It likely shows up with only those file types because they were
installed or optimized to be next to each other and that's the area
with the media failure.
Norton and it's cousins are not where near comprehensive in disk
testing. They do a reasonable job but disk failures can manifest
themselves in many ways. Typical media checks by these utilities just
start at 0 and read to the end. If you every look at the APS
PowerTools testing options you'll begin to get an idea of how hard it
is to test. Selected all the test on a 2 gig drive can day a few days.
Your error is likely not noticed doing a media scan but may occur only
if the sectors are read after a long seek to the cylinder. Or
something else hard to track down. If this is a SCSI drive then get
the data off, do a low level format, then restore. If you have to
manually exclude the problem files and just copy them by hand. If it's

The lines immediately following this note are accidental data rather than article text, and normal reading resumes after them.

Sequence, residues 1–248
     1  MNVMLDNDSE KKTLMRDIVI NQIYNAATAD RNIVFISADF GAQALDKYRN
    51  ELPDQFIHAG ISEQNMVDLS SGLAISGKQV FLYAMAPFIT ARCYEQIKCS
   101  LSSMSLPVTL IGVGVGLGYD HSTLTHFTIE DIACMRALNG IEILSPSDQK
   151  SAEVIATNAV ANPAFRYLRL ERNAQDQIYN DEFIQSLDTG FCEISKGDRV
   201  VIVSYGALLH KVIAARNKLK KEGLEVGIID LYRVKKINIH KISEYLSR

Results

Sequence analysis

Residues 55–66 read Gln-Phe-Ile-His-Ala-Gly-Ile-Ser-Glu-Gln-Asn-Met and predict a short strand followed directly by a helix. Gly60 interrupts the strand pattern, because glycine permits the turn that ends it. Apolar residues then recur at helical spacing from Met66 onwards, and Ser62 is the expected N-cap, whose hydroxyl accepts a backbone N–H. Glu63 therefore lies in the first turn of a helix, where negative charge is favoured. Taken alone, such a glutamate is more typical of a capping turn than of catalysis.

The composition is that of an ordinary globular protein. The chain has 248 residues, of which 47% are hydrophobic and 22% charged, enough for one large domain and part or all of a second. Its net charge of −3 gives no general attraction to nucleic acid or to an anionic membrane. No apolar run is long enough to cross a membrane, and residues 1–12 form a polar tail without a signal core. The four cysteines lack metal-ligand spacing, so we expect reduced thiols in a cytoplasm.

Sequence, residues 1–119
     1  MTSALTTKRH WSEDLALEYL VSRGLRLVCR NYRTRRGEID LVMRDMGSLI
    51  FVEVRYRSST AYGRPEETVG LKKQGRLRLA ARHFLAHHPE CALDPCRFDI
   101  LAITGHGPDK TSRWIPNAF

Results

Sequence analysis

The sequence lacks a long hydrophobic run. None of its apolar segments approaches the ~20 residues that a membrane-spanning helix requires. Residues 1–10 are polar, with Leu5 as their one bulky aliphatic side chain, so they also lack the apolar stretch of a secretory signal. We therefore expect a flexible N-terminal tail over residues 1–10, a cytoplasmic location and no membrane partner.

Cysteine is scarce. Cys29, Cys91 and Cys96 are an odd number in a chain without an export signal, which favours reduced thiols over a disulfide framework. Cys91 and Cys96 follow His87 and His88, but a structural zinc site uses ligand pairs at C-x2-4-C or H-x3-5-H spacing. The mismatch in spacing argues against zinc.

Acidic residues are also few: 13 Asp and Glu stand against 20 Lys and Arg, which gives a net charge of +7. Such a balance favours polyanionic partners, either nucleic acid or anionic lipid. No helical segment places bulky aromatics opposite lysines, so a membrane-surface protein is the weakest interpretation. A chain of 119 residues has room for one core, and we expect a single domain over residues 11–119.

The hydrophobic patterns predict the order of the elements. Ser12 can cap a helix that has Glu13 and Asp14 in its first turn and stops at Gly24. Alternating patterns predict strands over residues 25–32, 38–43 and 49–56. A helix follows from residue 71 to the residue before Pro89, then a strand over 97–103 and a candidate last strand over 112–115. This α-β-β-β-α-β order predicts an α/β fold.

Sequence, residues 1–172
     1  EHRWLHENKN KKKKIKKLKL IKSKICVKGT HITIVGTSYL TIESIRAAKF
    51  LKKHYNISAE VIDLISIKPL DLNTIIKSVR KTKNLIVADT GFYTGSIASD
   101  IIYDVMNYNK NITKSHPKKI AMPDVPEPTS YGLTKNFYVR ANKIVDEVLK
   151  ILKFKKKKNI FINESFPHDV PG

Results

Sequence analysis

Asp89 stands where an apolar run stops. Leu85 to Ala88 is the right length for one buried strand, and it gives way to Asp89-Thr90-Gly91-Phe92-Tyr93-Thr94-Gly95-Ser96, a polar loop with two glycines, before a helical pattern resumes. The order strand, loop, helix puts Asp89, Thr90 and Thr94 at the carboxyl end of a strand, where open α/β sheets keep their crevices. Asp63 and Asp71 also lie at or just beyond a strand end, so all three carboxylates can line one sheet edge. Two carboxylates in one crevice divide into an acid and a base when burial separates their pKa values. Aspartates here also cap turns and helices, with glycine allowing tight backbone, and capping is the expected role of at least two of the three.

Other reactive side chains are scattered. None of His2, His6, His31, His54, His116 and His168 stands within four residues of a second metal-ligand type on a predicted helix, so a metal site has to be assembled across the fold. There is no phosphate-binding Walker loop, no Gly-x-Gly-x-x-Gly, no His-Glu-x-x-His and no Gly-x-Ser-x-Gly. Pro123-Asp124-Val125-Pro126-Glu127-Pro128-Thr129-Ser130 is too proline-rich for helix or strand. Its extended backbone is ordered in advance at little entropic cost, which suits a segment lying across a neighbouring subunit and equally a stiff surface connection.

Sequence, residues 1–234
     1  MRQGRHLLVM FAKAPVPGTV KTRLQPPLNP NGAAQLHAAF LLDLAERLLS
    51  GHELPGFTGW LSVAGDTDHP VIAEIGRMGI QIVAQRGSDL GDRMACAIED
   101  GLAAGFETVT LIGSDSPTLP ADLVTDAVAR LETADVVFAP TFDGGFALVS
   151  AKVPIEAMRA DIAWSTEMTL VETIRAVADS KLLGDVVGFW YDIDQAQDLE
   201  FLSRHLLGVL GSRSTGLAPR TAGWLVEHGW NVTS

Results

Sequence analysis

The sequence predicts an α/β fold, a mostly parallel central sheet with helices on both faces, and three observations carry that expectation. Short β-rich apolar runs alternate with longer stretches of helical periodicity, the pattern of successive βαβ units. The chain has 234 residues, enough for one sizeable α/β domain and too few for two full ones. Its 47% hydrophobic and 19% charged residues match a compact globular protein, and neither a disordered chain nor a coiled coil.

an ATA drive then you may be out of luck as a low level format outside
of the factory is not allowed. But in the ATA case I'd also ZERO the
drive as that can clear up errors. (It's a long and detailed story.)
> >Error -36, in my experience, has always meant that a media problem occurred
> >on the source volume. This has never been shown to be isolated to a specific
> >type of file. Error -36 is an Apple-defined error being returned by the OS
> >itself when Retrospect tries to copy a specific file.
> Ahh, but this is the *only* file type that turns up this error and
> I'm backing up gigs every night on 10 machines. As I said it's only
> Photoshop Files that are written by Painter. These files copy fine
> with the finder both locally and over the network.
> >Try verifying the media on your source disk using a disk utility or the
> >formatting program you used to format your hard drive. For example, if it's
> >an Apple-formatted hard drive, use Apple Drive Setup's "Test Disk" command
> >in the Function menu. Disk First Aid is usually not helpful in this case
> >because it only checks for directory problems and does not check your media.
> I've checked both the remote and backup machine's disks with Disk
> First Aid, and Norton, both turn up clean.
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